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Archaeologists studying the burials of Norse invaders in early England often determined sex by whether they were buried with jewelry or weapons/equestrian equipment. But, when they osteologically sex the bones, they find some Norse women were buried with weapons and horse stuff.
This is the kind of gendered BS that's holding back the field of early medievalism: we assume clear-cut binaries of sex, then use that to analyze everything, then present that "evidence" to back up our clear-cut binaries.
There's a Norfolk burial at Santon Downham that has both "male" and "female" burial goods and so has been widely classified as a "double-burial" (i.e., a burial of a man and woman). BUT THERE IS ONLY ONE SKELETON IN THE GRAVE. Now the other skeleton COULD have gone missing but...
That's not the only burial of a single skeleton where things marked as "female" (broaches, etc) are found alongside things marked as "male" (spears, swords, etc). But all of these are explained away. Thankfully, recent excellent work has been undoing these assumptions.
What's exhausting is that the work now being done to correct these assumptions still itself enforces gender binaries: skeletons sexed as "female" are read (in the popular media, at least) as evidence of Viking warrior women. Trans possibilities are ignored.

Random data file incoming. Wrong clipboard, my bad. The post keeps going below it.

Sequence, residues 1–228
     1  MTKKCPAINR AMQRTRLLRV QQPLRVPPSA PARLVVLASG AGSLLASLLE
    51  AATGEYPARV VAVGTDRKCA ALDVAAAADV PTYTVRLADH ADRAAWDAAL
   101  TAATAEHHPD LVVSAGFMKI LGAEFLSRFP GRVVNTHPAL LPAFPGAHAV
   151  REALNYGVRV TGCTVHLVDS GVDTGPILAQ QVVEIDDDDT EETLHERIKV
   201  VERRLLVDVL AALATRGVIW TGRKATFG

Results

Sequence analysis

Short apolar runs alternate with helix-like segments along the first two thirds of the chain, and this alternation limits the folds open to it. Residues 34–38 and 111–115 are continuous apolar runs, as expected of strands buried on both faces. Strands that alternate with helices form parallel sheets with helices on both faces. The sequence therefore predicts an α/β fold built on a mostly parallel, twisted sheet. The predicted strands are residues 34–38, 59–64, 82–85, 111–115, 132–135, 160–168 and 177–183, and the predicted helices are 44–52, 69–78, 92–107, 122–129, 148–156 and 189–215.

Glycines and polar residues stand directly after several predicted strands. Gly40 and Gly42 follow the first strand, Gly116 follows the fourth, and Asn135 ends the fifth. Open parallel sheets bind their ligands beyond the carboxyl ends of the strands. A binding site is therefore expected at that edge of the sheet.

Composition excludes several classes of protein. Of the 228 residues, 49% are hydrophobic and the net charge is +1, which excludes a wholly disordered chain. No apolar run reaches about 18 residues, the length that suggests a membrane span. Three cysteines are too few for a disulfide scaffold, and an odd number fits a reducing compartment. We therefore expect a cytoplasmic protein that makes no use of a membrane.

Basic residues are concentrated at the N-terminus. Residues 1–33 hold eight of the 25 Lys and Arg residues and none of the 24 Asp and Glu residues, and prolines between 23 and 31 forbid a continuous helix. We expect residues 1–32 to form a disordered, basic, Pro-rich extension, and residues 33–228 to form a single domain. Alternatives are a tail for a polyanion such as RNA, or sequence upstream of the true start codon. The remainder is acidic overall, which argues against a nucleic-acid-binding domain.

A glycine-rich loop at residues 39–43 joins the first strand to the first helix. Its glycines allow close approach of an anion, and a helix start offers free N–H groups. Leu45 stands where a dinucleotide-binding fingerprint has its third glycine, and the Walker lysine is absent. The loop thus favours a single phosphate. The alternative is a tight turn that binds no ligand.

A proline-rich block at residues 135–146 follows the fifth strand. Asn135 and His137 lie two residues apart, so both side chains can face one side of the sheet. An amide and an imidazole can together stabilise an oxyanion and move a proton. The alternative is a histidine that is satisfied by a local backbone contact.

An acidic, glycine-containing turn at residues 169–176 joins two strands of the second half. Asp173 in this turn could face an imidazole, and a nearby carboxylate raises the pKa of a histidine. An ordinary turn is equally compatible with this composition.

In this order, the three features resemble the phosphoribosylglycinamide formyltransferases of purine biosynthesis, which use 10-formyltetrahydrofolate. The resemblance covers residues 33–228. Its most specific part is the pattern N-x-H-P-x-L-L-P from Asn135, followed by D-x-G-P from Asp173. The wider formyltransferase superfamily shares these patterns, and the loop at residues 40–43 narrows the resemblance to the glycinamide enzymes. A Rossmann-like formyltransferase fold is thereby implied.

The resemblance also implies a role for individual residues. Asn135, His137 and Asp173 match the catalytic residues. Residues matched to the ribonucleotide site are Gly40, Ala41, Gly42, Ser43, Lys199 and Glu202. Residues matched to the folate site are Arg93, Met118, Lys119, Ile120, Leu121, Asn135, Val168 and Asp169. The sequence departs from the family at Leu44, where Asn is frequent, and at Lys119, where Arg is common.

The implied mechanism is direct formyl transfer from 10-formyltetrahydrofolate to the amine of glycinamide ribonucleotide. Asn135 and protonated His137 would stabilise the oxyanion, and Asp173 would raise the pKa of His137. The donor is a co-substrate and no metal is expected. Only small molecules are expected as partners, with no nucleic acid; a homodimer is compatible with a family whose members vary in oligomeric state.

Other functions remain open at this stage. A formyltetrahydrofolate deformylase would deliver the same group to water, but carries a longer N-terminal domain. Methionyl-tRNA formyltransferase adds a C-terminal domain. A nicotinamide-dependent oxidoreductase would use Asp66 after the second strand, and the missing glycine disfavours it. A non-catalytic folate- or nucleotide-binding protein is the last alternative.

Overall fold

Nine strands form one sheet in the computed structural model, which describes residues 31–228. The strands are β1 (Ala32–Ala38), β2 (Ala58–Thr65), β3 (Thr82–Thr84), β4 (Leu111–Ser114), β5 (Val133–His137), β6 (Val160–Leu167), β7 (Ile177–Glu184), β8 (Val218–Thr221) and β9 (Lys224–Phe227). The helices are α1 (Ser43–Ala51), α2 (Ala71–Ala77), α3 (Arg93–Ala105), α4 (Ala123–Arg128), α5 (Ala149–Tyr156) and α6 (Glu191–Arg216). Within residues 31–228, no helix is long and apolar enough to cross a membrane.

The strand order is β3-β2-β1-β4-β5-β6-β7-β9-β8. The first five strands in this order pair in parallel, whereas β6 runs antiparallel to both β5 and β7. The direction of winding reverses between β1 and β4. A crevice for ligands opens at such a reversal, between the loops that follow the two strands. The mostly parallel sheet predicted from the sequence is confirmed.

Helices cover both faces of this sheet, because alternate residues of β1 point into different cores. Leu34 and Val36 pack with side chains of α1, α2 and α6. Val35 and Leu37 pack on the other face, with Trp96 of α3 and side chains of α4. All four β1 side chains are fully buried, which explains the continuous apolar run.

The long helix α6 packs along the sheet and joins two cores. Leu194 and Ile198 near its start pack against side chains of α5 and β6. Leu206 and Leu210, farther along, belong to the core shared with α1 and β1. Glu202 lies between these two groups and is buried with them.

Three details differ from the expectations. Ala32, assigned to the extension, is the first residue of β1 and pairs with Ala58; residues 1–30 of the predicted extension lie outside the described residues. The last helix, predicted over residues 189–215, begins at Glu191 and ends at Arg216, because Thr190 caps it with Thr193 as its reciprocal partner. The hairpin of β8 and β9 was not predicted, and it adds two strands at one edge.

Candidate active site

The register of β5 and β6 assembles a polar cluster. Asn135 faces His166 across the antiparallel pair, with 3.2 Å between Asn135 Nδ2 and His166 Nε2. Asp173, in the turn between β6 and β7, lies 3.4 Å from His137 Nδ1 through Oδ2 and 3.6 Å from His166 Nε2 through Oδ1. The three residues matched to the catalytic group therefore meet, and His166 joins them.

Could some of these burials be what we would describe as trans men? Could these "double burials" be evidence that the gender binary simply wasn't a thing? Carol Clover has shown a one-sex model in Norse lit, yet that hasn't shown up in this scholarship to my (limited) knowledge.
This rant is inspired by me reading Shane McLeod's excellent article in Early Medieval Europe, "Warriors and women: the sex ratio of Norse migrants to eastern England up to 900," which undoes many of these assumptions.
And this is all without discussing the problems with osteological sexing of skeletons, or the problems with identifying "Norse" burials, which, again, are primarily determined through the grave goods, even though English and Norse cultures are hardly distinct. It's a Mess!
New scholarship is pushing back on these assumptions and showing how the early Middle Ages were filled with powerful women (including women warriors), trans people, and queer people. Who knows what assumptions remain to be undone. The future of the past looks bright! ❤️🧡💛💚💙💜
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